Wayne Kramer: I’m 70 years old and confronting “finitude.” If I didn’t write it down somewhere in this era, I would lose the opportunity. Timing is everything! My friends have been asking me for years to write it down. I was stuck with how to end it as I’m nowhere near being finished with my work but with the coming of my son, I finally realized after being a single guy without children to having children enter your life; you then begin a new life. It was a good ending to finish on. Between my desires to tell my son the story of how his father ended up being his father, my desire to tell the MC5 story, as well as my story; this was the right time to get it done.
Robert Cavuoto: Was it cathartic to let it out?
Wayne Kramer: It was! It was illuminating especially when I had to review some of the unbelievably bad decisions I made over the course of my life. I look back and go, “Jesus Wayne, what were you thinking?” [Laughing]
Robert Cavuoto: That really brings to mind the part in the book, when you almost shot an innocent guy just for giving your then girlfriend a ride home after a night of hard partying because you thought he was someone more sinister.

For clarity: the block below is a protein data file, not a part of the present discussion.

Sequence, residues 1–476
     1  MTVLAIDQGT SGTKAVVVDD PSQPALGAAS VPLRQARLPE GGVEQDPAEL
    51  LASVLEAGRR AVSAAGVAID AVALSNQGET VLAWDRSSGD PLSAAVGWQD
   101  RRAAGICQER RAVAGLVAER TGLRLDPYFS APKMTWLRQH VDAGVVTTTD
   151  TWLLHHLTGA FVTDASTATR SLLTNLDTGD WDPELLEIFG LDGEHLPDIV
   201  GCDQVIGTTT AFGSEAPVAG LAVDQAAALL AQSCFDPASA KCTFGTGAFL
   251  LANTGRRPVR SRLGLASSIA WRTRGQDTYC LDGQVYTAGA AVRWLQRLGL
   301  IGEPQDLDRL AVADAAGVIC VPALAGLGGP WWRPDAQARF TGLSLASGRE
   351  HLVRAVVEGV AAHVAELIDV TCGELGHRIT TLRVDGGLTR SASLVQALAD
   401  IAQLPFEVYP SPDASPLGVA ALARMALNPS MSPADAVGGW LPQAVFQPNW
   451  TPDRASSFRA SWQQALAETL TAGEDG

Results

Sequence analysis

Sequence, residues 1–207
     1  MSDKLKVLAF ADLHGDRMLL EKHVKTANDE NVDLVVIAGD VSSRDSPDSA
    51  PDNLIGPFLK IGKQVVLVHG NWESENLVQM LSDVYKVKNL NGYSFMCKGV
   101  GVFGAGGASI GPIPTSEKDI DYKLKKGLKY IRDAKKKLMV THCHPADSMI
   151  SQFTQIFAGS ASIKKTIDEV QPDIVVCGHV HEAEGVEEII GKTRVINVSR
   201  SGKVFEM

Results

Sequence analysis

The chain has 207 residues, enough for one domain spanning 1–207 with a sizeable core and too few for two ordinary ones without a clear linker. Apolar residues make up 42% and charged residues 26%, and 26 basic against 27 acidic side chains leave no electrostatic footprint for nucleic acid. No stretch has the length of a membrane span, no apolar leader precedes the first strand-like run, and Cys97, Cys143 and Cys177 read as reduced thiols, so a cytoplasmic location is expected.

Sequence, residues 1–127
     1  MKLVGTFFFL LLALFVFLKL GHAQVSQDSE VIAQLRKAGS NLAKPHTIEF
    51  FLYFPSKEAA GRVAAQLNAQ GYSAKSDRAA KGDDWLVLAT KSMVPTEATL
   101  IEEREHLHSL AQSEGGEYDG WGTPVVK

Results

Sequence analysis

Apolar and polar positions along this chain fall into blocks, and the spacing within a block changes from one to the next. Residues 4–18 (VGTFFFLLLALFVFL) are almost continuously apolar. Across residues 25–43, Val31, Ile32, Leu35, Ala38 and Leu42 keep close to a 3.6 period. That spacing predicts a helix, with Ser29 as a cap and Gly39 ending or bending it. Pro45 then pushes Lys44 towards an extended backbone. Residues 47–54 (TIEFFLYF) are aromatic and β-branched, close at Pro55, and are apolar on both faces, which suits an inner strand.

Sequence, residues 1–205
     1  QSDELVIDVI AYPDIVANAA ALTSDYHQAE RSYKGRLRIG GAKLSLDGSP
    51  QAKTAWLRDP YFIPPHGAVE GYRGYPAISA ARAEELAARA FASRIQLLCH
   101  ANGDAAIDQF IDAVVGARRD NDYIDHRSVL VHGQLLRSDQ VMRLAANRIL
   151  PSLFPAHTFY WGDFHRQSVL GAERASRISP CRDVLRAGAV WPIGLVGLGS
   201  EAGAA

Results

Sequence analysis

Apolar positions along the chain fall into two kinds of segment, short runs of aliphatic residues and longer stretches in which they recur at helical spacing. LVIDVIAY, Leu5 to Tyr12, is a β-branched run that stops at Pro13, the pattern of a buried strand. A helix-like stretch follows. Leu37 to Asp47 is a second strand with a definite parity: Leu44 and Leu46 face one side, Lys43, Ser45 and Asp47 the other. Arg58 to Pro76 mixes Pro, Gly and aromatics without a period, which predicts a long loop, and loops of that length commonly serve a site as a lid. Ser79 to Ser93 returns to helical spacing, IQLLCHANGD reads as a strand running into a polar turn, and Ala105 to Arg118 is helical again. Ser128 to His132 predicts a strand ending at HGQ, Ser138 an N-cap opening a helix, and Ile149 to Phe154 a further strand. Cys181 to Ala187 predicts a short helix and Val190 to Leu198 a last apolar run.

Wayne Kramer: That situation happens all the time. People get high, drunk, emotionally overwrought, and involved in terrible drama then someone gets hurt, injured, or killed.
Robert Cavuoto: I couldn’t help notice the similarities of political unrest that occurred in the 60’s is now repeating itself. How do think the MC5 would address these times?
Wayne Kramer: We would be using the platform of rock & roll to reflect back the news of our day. It’s the same thing that troubadours did. Like tribal members that are good at telling stories, beating drums, and dancing. They tell the story of the last tribe, and then that story goes on to the next tribe and so on. This is an age-old process of preserving our own humanity. To tell the truth about the world and that you feel the way you do without being manipulated.